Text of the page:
Harper on Israel:
Is the Prime Minister mentally sound?
Murray DobbinBy Murray Dobbin
November 10, 2010

Watching and listening to [Canadian Prime Minister] Stephen Harper's bizarre and unnerving speech about anti-Semitism and Israel raises the question as to whether or not the man is mentally fit to be prime minister.

In effect, Harper has taken the position of being Israel's defender no matter what — in other words, this commitment comes before his duty as prime minister, before his duty to represent Canada's interests abroad, before his role of elected representative. Harper is a defender of Israel no matter the consequences for Canada. He stated:

"[As] long as I am Prime Minister, whether it is at the United Nations, the Francophonie, or anywhere else, Canada will take that stand whatever the cost. I say this, not just because it is the right thing to do, but because history shows us, and the ideology of the anti-Israeli mob tell us all too well if we listen to it, that those who threaten the existence of the Jewish people are a threat to all of us."

His dedication to that country supersedes his commitment to his own. That would be disturbing enough if Harper were merely a private citizen. But as prime minister it is beyond the pale and it isn't much of a stretch to suggest it borders on the betrayal of Canada and certainly Canadian interests. For what does it mean that Harper will defend Israel no matter the consequences for Canada?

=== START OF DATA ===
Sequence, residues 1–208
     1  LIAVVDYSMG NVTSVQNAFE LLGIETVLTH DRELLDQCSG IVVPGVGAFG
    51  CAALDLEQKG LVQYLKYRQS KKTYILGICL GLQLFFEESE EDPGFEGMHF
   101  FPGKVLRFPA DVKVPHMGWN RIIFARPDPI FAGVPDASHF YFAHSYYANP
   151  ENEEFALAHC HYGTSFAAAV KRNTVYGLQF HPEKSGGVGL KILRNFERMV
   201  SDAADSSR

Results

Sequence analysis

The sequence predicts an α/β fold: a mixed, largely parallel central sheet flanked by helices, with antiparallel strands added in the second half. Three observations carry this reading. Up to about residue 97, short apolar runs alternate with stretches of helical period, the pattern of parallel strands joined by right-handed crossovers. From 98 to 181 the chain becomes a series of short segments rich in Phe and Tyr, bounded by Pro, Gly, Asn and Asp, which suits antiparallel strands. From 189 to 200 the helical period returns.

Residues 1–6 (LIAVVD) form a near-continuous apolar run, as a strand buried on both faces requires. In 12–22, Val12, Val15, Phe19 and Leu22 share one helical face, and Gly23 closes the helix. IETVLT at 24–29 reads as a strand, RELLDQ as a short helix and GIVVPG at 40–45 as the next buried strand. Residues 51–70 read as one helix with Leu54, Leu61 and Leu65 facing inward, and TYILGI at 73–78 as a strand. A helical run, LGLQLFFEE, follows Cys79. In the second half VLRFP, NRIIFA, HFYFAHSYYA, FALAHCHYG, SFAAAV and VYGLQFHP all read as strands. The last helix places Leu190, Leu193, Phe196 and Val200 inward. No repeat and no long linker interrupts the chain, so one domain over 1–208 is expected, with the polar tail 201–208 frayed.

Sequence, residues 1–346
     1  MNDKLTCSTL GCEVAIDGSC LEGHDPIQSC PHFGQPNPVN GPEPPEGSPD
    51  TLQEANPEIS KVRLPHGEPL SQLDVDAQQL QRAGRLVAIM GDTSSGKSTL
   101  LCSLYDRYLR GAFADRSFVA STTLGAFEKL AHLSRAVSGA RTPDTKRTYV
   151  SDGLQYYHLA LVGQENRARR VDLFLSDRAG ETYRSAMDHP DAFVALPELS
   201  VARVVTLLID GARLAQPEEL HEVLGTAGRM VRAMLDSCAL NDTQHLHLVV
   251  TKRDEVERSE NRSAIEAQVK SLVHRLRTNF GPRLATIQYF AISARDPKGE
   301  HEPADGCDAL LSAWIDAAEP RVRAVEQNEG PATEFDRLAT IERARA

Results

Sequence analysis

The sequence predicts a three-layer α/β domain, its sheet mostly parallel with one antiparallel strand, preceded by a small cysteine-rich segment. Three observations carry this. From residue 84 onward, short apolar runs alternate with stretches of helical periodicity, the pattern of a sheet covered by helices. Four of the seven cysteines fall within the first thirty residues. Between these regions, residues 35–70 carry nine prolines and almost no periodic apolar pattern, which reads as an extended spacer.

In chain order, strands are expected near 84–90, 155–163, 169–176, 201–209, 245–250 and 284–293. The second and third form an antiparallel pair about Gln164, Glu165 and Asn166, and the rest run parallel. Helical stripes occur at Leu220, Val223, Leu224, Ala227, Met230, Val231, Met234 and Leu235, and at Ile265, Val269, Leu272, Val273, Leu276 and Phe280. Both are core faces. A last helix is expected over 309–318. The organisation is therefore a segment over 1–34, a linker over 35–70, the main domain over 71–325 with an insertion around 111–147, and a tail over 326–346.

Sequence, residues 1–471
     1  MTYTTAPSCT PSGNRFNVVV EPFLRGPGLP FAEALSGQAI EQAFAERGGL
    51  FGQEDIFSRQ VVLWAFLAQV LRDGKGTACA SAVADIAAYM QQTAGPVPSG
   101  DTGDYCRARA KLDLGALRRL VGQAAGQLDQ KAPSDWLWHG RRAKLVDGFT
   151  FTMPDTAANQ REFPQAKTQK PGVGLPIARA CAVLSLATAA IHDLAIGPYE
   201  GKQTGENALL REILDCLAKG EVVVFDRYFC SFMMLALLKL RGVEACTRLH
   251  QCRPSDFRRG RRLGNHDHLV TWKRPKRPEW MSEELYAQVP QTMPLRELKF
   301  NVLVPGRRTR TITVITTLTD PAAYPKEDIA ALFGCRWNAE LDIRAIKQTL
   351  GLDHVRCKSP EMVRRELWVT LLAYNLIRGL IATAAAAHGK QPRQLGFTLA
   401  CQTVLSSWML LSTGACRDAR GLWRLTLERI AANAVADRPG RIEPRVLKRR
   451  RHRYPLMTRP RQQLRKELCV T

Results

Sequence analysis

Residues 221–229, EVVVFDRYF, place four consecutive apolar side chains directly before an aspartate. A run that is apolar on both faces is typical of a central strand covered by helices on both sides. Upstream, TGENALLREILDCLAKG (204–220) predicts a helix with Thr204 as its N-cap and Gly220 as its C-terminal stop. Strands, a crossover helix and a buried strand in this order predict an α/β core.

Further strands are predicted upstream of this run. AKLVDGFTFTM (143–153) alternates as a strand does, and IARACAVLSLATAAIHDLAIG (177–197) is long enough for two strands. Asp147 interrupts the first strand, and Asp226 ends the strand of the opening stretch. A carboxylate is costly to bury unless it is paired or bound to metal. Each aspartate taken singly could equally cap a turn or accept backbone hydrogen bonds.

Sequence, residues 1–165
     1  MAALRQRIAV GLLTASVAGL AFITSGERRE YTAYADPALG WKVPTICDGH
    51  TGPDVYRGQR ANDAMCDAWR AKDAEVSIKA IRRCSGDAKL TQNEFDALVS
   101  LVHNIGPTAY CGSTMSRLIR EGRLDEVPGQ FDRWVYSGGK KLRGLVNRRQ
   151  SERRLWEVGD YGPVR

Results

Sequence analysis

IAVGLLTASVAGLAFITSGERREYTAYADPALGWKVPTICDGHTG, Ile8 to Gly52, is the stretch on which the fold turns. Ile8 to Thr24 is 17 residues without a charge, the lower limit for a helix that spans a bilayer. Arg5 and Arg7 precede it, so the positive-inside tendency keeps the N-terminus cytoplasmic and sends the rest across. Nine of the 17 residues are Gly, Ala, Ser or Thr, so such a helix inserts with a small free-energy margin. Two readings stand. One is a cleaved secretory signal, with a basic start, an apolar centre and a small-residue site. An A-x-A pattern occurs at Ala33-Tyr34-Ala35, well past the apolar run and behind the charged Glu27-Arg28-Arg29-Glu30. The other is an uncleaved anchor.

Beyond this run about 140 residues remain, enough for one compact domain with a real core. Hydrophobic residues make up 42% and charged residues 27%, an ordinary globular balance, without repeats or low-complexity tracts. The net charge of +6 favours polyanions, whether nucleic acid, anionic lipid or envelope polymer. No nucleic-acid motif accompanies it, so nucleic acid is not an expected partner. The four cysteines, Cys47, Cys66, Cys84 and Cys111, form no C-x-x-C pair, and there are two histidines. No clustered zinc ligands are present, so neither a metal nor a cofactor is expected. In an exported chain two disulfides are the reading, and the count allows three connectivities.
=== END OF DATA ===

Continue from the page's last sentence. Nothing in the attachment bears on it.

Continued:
Harper referred in his speech to "the anti-Israeli mob". I have to presume here that he is referring to all the Arab and Muslim countries which regularly criticize Israel at the UN. But, of course, not only them. UN resolutions criticizing Israel are regularly supported by virtually every country with the exception of Israel, the U.S. and — sometimes — El Salvador. Is the whole of the UN membership part of the "mob"?

Harper's disturbing performance sends a clear message: Canada is prepared to sacrifice relations with all other countries if it has to defend Israel. Coming off the rejection of Canada for a Security Council seat, Harper deems determined to isolate himself even more, and Canada along with him.